Feed the City works to support Central Texans living under the shadow of food insecurity amid COVID-19 outbreak

The Feed the City event will be hosted April 4. (Jay Jones/Community Impact Newspaper)
The Feed the City event will be hosted April 4. (Jay Jones/Community Impact Newspaper)

The Feed the City event will be hosted April 4. (Jay Jones/Community Impact Newspaper)

Central Texas food banks are experiencing a dramatic increase in need as communities face myriad challenges brought on by the COVID-19 pandemic.

As businesses struggle and individuals seek unemployment benefits, local food banks will require the support of individuals and organizations to aid the 46 million Americans living under the shadow of food insecurity, according to Nick Marino, a director at Tango Tab.

The Dallas-based company Tango Tab has fed over 3.7 million people since 2011 by providing meals to local food charities every time a customer dines out using the application.

The company launched its monthly engagement event, Feed the City, in 2015 in an effort to bring volunteers from all walks of life together to prepare meals for the community.

On average the event can produce between 1,000 and 7,000 meals made by volunteers in about an hour, Marino said.

Feed the City has been hosted at the downtown Austin restaurant Clay Pit since 2016 and was slated to launch in the Lake Travis-Westlake area prior to the mandated shelter-in-place order issued by Travis County.

While the event is still scheduled to take place at Oz. Tap House on April 4, it will take on a different form, putting community engagement aside for the sake of safe social distancing.

Individuals are encouraged to bring granola bars, oatmeal, soup, water, peanut butter, canned vegetables and various other nonperishables to Oz. Tap House from 8 a.m. to 10 a.m.

Marino added all of these meals will be distributed throughout the community, keeping the donations local.

Feed the City workers will be sporting gloves and masks as they remove the food items from participants’ trunks or truck beds, limiting social interaction.

Despite the challenges due to the coronavirus, it was critical to move forward with the event, Marino said.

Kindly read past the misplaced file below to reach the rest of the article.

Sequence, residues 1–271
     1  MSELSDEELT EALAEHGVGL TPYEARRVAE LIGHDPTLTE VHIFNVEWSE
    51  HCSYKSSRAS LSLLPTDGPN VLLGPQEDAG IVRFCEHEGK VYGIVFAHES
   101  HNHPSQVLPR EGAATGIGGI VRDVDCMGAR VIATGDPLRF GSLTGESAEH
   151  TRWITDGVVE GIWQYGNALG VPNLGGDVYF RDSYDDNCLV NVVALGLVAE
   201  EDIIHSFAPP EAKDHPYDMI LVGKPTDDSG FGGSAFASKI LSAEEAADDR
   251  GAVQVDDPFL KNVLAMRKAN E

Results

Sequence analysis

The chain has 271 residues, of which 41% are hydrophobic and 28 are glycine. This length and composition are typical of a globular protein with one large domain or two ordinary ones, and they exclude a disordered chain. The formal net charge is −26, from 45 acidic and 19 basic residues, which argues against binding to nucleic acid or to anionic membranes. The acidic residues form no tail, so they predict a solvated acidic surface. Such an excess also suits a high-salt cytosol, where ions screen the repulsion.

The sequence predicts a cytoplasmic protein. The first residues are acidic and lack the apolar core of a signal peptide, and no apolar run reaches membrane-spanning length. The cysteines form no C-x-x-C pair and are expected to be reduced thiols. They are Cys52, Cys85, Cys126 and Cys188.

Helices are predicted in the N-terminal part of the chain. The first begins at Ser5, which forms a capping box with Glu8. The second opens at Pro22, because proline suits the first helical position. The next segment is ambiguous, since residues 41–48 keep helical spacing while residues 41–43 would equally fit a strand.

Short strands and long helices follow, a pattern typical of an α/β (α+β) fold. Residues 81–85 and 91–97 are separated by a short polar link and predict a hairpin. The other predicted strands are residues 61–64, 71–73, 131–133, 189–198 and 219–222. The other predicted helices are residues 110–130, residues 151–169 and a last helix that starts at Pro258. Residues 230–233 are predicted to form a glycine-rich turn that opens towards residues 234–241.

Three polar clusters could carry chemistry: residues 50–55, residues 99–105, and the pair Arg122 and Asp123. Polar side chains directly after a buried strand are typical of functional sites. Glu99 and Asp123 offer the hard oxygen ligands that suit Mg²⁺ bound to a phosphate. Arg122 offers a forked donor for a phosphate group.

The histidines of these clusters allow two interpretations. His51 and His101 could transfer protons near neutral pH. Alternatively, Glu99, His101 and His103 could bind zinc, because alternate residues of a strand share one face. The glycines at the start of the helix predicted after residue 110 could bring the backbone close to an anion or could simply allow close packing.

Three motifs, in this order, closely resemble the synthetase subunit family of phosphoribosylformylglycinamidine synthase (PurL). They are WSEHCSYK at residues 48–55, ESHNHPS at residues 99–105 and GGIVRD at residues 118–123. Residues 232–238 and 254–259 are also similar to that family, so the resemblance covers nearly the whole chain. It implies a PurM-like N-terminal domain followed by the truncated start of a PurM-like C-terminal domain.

“The need is definitely increasing,” Marino said. “If you look at the capital-area food banks, they’re usually reliant on donations.”

In times of economic uncertainty, nonprofits generally experience a decline in donations, Marino explained, adding organizations saw this occur during the 2008 recession.

However, food focused nonprofits are feeling the impact of a newfound challenge. Amid news of a shelter-in-place many took to local grocery stores, leaving shelves emptier than usual.

A number of food banks, including the Central Texas Food Bank, receive food from stores such as H-E-B and other large chains that routinely donate their extra items.

“You’re not going to see that because our stores can’t even keep their shelves full,” Marino said.

Derrick Chubbs, the CEO of the Central Texas Food Bank, said he agrees with Marino, stating obtaining food items has proven to be a challenge at this time.

“You’ve seen the shelves,” Chubbs said.

Due to a lack of available goods, the nonprofit has been purchasing items at the market rate, which is more expensive.

Amid the apparent uncertainty of the COVID-19 pandemic, the Austin community can support its neighbors feeling the strain of food insecurity. Oz. Tap House and Clay Pit will both be collecting drop-off donations April 4.

“Our food organizations are going to be greatly impacted,” Marino said. “So as much as we can help as a community and get those shelves full for people in need ... it’s huge.”

By Amy Rae Dadamo
Amy Rae Dadamo is the reporter for Lake Travis-Westlake, where her work focuses on city government and education. Originally from New Jersey, Amy Rae relocated to Austin after graduating from Ramapo College of New Jersey in May 2019.


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